Paul Batchelor’s 2012 review essay in the TLS of recent work by Geoffrey Hill and his critics was called “Geoffrey Hill’s measured words”. As many who write on Hill do, Batchelor keyed in to a series of resonant words in Hill’s work, drawing connections between Hill’s poetry and prose via shared terms such as uncouth, anacolouthon, hobby, nobly, etc. “Measured”, in Batchelor’s title, is ambiguously both “Having a marked rhythm; rhythmical; regular in movement” and “Carefully weighed or calculated; deliberate and restrained”. But Batchelor is also taking the measure of these words and their significance for Hill. Judging poetic and/or allusive significance is a very difficult thing to get a computer to do–it’s hard enough for humans to do well. Read more at Poetry and Contingency.

Fixing Broken Poems

by Helena Nelson 
I’ve abandoned a good few poems in my time.  It’s hard to know when, or if, they are ever ‘finished’. Gerry Cambridge, poet and editor of The Dark Horse, once told me, ‘Do not send out fresh poems.’ And he was right. It was a long time ago, and I’d had a surge of inspiration. I had ‘finished’ three or four new poems and promptly sent them to him. Read more at Happenstance.

Mots Justes: Pick the Perfect Word in a Poem

by Rick Gekoski
At Oxford, I was taught that every particle of a poem can amplify its meaning, and when poets get it right individual words can add volumes of sense. Trying to fill in some of their blanks is a useful lesson in this fine art
My favourite episode from Monty Python's Flying Circus features a trio of inept Spanish Inquisitors charging a little old lady with heresy. She doesn't understand, is pummelled with soft pillows, and when she is unaffected, is put into – gasp! – the comfy chair. She must remain there until lunchtime, with only coffee at 11 to sustain her! I found this irresistible, at the time, because it mirrored some of my Oxford tutorials, during which my tutor continually challenged me with various torments designed to make me – a naive colonial in his eyes – feel uncomfortable, and perhaps to confess my dire lack of (English) sophistication. Read more at The Guardian.

Despair about the place of poetry in American culture is nothing new.

Drafts & Fragments

Counting Couplets

What is the most common rhyme in the history of pop music?
By Ben Blatt
What do Justin Bieber and the Beatles have in common? Not much, you might think, other than the ability to inspire frenzied adoration in their young fans. But Bieber and the Fab Four share something else as well. Read more at Slate.

For centuries, poets have been making shaped poems.

Currently on exhibition (until May 31st) in the John Wilson Special Collections is a selection of nine large shaped poems from Shaped Poetry: a suite of 30 typographic prints… printed under the direction of Andrew Hoyem at the Arion Press. Pictured here is John Hollander's “Swan and Shadow" on paper from the Twinrocker Paper Mill… Read more at Without Ellipses.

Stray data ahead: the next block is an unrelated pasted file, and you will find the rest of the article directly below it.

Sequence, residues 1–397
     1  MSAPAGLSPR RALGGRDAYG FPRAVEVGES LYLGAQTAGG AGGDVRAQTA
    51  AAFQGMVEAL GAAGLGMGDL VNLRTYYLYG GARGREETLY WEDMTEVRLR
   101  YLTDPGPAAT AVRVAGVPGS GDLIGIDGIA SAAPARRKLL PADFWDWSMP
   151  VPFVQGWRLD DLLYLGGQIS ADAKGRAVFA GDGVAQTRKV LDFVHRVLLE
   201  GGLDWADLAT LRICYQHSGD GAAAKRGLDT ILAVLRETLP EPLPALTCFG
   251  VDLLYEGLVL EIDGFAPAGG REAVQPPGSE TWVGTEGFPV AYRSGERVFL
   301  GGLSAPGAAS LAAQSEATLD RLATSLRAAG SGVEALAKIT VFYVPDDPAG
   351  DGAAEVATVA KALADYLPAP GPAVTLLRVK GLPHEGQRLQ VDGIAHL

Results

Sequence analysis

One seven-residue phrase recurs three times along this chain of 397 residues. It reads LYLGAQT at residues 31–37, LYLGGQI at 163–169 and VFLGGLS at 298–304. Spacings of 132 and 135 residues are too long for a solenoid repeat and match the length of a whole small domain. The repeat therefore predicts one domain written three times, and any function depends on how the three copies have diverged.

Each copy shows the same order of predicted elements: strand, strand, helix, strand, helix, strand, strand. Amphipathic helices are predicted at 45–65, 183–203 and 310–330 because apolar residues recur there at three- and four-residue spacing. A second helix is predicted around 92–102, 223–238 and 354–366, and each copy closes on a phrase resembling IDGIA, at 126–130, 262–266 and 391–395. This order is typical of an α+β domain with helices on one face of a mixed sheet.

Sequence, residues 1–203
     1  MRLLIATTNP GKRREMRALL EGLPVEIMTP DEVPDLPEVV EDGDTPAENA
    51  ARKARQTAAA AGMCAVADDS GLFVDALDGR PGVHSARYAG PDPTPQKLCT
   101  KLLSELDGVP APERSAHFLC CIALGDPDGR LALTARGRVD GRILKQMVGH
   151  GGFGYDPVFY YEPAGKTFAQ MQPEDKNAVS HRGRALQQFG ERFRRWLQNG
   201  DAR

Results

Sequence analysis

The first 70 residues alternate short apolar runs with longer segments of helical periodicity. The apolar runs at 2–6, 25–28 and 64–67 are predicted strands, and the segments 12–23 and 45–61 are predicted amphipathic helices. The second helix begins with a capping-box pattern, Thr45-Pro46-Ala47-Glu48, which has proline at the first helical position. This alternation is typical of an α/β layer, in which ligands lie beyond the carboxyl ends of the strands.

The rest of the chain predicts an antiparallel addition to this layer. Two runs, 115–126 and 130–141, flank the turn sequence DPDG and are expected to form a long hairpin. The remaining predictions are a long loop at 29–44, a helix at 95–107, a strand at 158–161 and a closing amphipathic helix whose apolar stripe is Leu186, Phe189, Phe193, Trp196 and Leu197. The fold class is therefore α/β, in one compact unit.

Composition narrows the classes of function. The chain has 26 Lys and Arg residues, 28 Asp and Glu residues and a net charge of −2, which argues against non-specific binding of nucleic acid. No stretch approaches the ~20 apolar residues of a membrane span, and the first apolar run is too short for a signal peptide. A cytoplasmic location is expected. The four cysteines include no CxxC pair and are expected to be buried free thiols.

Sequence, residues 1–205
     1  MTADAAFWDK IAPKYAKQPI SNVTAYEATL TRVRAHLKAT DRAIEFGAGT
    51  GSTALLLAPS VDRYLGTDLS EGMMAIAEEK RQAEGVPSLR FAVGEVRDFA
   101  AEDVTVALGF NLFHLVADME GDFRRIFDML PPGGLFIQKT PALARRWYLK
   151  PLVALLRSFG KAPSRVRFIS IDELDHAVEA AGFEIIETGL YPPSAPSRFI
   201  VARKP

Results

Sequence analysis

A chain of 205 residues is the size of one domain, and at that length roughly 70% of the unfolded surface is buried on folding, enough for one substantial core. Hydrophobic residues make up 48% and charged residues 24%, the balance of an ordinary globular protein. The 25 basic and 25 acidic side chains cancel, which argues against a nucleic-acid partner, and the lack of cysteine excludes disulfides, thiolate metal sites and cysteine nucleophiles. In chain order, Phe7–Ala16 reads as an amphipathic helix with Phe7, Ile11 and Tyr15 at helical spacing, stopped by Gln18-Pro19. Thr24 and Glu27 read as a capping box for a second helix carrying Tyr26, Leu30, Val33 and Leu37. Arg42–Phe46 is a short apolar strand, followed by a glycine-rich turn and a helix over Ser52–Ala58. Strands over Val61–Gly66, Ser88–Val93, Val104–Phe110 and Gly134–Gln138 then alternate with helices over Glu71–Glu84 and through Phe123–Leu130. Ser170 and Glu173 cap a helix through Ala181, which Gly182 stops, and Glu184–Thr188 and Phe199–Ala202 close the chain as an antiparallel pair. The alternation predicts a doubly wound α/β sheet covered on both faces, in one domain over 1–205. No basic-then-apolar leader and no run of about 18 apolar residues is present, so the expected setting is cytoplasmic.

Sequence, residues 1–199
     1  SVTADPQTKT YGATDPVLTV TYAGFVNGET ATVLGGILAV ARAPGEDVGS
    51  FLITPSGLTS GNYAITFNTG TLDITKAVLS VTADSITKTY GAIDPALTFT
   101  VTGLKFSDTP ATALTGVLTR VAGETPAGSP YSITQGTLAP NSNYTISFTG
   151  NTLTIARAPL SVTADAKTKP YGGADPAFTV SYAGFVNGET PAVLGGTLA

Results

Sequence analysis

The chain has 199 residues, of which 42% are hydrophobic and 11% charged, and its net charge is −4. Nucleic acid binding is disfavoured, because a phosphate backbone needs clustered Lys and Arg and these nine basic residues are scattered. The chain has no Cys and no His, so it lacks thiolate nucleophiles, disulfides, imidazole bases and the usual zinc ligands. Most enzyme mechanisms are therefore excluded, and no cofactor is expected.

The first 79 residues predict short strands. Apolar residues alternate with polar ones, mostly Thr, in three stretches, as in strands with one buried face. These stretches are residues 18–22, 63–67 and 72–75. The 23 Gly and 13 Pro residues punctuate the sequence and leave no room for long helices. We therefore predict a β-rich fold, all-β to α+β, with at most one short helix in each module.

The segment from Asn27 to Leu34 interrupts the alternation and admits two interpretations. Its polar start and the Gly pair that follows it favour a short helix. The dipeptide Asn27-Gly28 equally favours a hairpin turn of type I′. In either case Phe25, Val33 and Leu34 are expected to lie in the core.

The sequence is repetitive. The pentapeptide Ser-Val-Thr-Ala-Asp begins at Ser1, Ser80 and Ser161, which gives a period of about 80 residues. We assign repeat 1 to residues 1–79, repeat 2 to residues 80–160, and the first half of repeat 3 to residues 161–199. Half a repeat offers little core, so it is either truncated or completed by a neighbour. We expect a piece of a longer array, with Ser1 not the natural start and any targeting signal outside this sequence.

Poets have been making shaped poems for centuries.

Poetry In the News

Wise, Funny Poems, Saved From The Trash Bin In The Nick Of “Time

It always feels good to see a poet rescued from oblivion. Michael Benedikt (1935-2007), a prominent figure in the poetry scene of the 1960s and 70s, was not exactly an important poet, but he was — and in his work, he remains — a deeply enjoyable one. He made some significant contributions, bridging the gap between the conversational poems of major New York School figures (especially Frank O'Hara) and the surreal poetry that became popular in the '70s. And he helped define the strange, comic and quotidian tone of the American prose poem, which remains one of our poets' favorite forms to this day. Read more at NPR.

Washington University Is Preserving the Legacy of James Merrill, One of the Greatest—and “the strangest, the most unnerving”—20th-Century Poets

by Stefene Russell  
James Merrill’s first Ouija board was a store-bought one, with its Laurel-and-Hardy sun and moon facing each other from the top corners. It was a gift from artists David Jackson and Doris Sewell Jackson and writer (and Presbyterian minister!) Frederick Buechner. This was in 1952, when department stores blithely stocked toy shelves with Ouija—Merrill might as easily have ended up with Parcheesi or Chinese checkers. By 1955, Jackson and “Sewelly” had split. And Merrill and Jackson had moved in together at the modest but elegant 107 Water Street in Stonington, Conn., where almost every night after dinner, they’d consult the Ouija at their milk glass–topped dining-room table. They’d now drawn their own version on heavy cardboard and swapped out the heart-shaped planchette for a blue willowware teacup. Read more at St. Louis Magazine.